“Dangerously Dumb” – Deloitte Warns
Last night saw gold and silver surge yet again and shares continue to fall. But of particular note for Australia is the precipitous drop of iron ore, down 8.5% last night, extending the 28% drop since it peaked on 21 Feb and ahead of predictions of another 20% drop to come. Why? More concern about China’s growth.
In one of the harshest warnings from a top tier accounting firm in some time yesterday the Australian Financial Review reported on Deloitte Access Economics’ Chris Richardson:
“Recession will be unavoidable if China stumbles because Australian households are being crushed by the world's second-largest debt burden and "dangerously dumb" property prices that are more overvalued than at any time since at least the early 1980s”
“Reasons for the near inevitability of recession if there were to be a crisis in Australia's largest trading partner includes already ultra-low official interest rates, an already low dollar, a wide budget deficit and large debt load, and rampant household growth that has left households vulnerable to any jump in unemployment, he suggests. [throw in sliding ore prices…]
"Australian families have borrowed up a storm since the GFC, while housing prices in this nation are now dangerously dumb," Mr Richardson will say in his address [to the National Press Club yesterday].
Deloitte estimates that house prices are now about 30 per cent overvalued when compared to national income - the widest gap in its data since the early 1980s.”
The AFR article doesn’t really go into what that China ‘stumble’ or ‘crisis’ looks like so let’s look at one aspect of that…
Bloomberg reported yet another warning earlier this week about the gargantuan shadow banking system. That non regulated banking system is now $9 trillion in size and “fast approaching” 100% of GDP. Much of that shadow banking system is through so called WMP’s or Wealth Management Products. At the moment, despite the numbers, there is investor comfort being taken that China’s central bank (PBOC) will always step in, bailing out these entities. This PBOC liquidity support for their banking system has seen an exponential increase over the last 18 months and investors think they will never let something ‘too big to fail’ do exactly that. But PBOC are grappling with the so called ‘moral hazard’ where such unfettered belief leads to a system taking on too much risk with reckless abandon. PBOC know this and according to Bloomberg:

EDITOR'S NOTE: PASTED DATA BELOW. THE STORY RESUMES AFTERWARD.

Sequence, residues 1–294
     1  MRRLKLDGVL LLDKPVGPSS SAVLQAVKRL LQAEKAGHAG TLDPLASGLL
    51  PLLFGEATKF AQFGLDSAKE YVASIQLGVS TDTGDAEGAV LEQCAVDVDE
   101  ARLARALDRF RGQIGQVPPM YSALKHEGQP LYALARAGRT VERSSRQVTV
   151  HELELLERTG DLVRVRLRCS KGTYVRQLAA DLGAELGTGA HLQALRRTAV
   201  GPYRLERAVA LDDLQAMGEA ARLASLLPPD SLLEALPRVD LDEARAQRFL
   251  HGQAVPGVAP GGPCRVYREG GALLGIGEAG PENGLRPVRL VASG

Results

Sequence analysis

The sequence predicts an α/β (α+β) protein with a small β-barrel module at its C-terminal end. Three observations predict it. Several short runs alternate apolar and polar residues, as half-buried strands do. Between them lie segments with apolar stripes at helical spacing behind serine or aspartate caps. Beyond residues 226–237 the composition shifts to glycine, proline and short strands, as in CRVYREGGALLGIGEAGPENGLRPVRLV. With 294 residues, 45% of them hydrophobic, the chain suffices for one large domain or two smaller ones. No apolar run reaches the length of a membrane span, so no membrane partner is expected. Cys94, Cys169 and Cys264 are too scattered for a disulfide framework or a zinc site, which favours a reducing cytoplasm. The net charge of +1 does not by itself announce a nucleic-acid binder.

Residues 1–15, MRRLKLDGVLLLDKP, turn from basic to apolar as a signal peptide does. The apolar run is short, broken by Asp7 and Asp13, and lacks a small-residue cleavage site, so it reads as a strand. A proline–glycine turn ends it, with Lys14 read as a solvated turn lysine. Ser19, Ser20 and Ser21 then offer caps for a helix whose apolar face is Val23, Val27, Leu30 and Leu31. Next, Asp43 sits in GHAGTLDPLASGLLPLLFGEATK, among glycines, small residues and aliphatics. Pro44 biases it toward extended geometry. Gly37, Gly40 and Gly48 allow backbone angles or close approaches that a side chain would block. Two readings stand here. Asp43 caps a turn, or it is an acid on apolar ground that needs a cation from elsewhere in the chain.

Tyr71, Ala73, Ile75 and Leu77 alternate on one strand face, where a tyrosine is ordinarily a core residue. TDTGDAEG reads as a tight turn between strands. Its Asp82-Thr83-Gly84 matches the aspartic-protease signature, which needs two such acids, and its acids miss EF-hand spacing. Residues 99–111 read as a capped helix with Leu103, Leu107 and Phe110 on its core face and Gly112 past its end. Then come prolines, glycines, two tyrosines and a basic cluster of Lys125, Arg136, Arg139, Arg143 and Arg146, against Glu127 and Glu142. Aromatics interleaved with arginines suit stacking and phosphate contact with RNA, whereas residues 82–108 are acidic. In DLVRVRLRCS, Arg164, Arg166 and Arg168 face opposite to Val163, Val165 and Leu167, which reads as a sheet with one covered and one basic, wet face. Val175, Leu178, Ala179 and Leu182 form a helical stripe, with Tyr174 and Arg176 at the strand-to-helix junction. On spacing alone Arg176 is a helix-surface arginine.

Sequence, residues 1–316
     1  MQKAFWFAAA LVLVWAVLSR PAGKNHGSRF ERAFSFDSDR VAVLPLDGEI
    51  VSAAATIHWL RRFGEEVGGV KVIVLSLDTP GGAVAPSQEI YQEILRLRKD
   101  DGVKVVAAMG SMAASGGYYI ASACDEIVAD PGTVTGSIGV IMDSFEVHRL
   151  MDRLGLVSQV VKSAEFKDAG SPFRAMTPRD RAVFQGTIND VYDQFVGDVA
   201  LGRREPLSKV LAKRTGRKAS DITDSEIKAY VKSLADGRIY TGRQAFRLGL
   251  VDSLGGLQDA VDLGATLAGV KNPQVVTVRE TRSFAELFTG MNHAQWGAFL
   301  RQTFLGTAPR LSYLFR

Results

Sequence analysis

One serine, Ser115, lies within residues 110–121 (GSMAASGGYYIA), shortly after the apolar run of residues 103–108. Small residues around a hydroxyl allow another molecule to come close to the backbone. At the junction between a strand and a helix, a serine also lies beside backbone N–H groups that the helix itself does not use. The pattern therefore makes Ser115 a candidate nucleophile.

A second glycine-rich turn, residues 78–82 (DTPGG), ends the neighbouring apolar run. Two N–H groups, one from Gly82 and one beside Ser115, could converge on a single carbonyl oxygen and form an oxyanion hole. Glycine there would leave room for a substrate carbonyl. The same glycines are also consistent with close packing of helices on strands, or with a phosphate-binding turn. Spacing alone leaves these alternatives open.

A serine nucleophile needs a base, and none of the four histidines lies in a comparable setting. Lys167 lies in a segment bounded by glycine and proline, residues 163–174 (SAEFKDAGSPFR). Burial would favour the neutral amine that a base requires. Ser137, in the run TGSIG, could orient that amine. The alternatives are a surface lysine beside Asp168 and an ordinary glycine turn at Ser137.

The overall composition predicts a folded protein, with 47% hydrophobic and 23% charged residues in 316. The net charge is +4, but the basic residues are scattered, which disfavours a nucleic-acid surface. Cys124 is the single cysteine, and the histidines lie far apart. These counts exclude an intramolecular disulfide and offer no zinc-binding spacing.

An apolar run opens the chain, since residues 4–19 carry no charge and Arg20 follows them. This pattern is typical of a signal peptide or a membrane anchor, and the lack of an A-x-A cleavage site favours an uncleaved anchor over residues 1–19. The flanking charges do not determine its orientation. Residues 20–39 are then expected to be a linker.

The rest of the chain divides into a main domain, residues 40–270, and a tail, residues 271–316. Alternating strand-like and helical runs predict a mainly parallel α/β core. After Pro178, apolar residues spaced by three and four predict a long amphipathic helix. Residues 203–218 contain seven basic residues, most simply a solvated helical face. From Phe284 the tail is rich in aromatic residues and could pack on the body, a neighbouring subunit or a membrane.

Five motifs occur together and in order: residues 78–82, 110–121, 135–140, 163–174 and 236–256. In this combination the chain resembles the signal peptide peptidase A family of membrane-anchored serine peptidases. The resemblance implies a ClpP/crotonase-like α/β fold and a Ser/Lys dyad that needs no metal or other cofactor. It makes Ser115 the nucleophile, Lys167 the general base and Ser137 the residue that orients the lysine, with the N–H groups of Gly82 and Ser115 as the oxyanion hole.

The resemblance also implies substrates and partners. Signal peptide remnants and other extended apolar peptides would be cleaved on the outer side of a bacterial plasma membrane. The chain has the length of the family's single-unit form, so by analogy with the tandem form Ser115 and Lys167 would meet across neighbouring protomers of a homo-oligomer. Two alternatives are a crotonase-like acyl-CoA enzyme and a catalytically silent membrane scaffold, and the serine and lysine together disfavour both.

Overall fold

“Intervention is becoming less likely, if the new draft rules are anything to go by. Regulators are working on language that would make clear there are no state guarantees on asset-management products -- which include WMPs, trusts, mutual funds and other products -- people familiar with the matter said in February.”
In a separate article late last year Bloomberg produced the following chart that in the context of the above should make people sit up and listen to Mr Richardson and rather than continue to be ‘dangerously dumb’ start be prudently balanced….
If you missed it, our article “Is China About to Crash Financial Markets Again?” is worth revisiting.